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Medical

Overview

All commercial drivers of vehicles in interstate commerce with a maximum gross vehicle weight rating of over 10,000 pounds (4,536 kilograms) are required to obtain and maintain a valid Medical Examiner's Certificate (ME Certificate) Commercial drivers who drive vehicles requiring a CDL have two additional requirements. On or before January 30, 2014, all CDL holders must declare to their State Driver Licensing Agency (SDLA) that they only operate or expect to operate commercially in 1 of 4 possible categories with their CDL. This process is called self-certification. For more information on the self-certification categories see the Self-Certification FAQ's.

CDL holders must provide their SDLA with a copy of their ME Certificate. This information is only being added to the State driving records of CDL holders. Non-CDL holders are not required to self-certify or submit a copy of their ME Certificate to their SDLA. CDL holders, who are found driving in a category other than one to which they self-certified, are subject to suspension or revocation of their commercial driving privileges. CDL drivers, who do not update the expiration date of their ME Certificate with their State, will have their commercial driving privileges downgraded, and will not be eligible to drive a commercial motor vehicle that requires a CDL.

Instructions on how your State is collecting your ME Certificate information:

To learn more about the medical requirements, click here to visit the Medical Programs page.

Self Certification FAQs

What is changing? 

State driver licensing agencies (SDLAs) will be adding your medical self-certification status and the information on your medical examiner's certificate to your Commercial driver's license system (CDLIS) record.

When did this change occur? 

This change became effective on January 30, 2012, with full compliance due by January 30, 2014.

What is not changing? 

The federal standards for driver physical qualification requirements are not changing.

What are CDL holders required to do?

You must determine whether you operate in interstate or intrastate commerce, and are excepted or non-excepted from either the Federal or State requirements. You must certify to your SDLA that you fall into one of the four operation categories listed below:

  • Interstate non-excepted: You are an Interstate non-excepted driver and must meet the Federal DOT medical card requirements (e.g. – you are "not excepted").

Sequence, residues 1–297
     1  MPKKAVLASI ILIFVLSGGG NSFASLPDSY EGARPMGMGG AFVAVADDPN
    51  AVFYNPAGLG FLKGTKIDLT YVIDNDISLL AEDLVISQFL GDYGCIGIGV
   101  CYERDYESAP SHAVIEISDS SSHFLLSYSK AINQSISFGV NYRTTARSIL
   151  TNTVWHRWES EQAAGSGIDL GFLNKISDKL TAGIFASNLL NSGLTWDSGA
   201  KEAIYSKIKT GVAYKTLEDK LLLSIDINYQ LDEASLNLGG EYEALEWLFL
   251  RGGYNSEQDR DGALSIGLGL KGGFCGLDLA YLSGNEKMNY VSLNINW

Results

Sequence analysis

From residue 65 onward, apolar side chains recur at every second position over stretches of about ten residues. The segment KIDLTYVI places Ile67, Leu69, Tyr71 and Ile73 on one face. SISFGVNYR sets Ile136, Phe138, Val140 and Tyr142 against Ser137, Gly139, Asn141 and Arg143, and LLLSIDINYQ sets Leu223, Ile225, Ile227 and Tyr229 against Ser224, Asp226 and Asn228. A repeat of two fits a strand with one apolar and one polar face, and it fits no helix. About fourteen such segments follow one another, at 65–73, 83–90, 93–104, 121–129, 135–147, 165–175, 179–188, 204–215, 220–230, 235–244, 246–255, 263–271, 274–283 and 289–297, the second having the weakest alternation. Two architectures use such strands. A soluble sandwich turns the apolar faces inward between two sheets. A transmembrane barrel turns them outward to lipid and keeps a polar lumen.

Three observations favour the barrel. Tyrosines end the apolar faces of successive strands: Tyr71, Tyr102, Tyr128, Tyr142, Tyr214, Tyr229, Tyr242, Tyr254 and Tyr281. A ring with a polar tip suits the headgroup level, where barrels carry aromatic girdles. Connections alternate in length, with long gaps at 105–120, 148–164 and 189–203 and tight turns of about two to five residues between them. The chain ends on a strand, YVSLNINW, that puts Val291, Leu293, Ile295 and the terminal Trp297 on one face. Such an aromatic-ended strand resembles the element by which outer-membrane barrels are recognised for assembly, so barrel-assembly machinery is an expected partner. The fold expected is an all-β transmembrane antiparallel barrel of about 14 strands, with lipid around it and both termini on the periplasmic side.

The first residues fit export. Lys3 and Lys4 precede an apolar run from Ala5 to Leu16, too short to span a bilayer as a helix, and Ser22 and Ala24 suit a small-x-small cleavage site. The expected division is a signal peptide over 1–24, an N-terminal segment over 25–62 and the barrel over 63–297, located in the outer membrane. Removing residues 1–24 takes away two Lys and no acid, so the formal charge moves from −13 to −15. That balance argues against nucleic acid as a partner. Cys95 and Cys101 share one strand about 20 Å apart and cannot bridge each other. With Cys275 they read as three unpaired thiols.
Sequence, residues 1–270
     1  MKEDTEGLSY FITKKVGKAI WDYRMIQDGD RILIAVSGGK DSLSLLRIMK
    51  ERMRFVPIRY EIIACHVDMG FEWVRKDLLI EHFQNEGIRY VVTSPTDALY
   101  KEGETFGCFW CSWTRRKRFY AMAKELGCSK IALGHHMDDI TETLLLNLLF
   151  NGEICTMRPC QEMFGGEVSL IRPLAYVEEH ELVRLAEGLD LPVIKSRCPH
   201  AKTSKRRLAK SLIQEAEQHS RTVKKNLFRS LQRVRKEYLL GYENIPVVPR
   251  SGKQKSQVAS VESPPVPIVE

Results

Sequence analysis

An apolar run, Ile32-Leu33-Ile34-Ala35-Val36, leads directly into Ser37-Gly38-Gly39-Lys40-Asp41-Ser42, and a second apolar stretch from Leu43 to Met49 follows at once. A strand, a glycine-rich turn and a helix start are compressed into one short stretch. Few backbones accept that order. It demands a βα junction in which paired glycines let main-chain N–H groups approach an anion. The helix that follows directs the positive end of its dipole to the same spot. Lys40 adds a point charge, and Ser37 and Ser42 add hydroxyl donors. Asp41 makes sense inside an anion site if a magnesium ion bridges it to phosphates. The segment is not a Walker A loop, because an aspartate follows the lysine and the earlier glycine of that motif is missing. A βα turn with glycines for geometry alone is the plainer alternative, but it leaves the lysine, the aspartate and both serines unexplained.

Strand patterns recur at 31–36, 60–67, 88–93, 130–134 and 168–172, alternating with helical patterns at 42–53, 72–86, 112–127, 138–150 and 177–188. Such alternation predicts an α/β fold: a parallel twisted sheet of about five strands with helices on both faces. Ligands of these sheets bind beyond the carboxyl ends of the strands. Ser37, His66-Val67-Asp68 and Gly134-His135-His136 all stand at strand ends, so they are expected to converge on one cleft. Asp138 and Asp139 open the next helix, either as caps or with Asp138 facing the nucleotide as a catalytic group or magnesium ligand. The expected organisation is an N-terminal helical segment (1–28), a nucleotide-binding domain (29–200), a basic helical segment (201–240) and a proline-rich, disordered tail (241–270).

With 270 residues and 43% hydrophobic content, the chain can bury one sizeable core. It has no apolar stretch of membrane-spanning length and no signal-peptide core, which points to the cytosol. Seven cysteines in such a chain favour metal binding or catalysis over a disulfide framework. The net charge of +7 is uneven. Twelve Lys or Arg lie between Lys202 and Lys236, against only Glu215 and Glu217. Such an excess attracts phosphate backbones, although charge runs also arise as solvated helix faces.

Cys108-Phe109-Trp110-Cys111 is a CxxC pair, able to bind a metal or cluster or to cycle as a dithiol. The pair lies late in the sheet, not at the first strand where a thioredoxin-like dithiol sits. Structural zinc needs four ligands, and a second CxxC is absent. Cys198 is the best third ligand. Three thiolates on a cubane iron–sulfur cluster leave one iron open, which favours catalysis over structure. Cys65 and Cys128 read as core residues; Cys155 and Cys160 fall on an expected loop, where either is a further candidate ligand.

• Interstate excepted: You are an Interstate excepted driver and do not have to meet the Federal DOT medical card requirements.
  • Intrastate non-excepted: You are an Intrastate non-excepted driver and are required to meet the medical requirements for your State.
  • Intrastate excepted: You are an Intrastate excepted driver and do not have to meet the medical requirements for your State.

For the definition of interstate and intrastate please see the FAQ section.

If you are subject to the USDOT medical examiner certification requirement, provide a copy of each new USDOT medical examiner certificate to your SDLA prior to the expiration of your current medical examiner certificate. The medical examiner certificate is often referred to as your "medical card."

Physical Impairments

Drivers with physical impairments, which affect their ability to safely operate CMVs, must obtain a "variance" from their State in order to be approved to drive commercially. The variance document must be carried with the commercial driver whenever they are operating a commercial motor vehicle.  A Skill Performance Evaluation (SPE) is a special type of "variance" required for drivers with impaired or missing limbs (e.g., a hand or finger, an arm, foot, or leg). Drivers with missing limbs, if eligible, must obtain an SPE certificate. The commercial driver must always carry the SPE certificate at all times.

The document contains the requirements for any special equipment that the driver must be wearing or the commercial vehicle must possess in order to be operated by that driver. Click on the link below for more information.

Updated: Thursday, March 27, 2014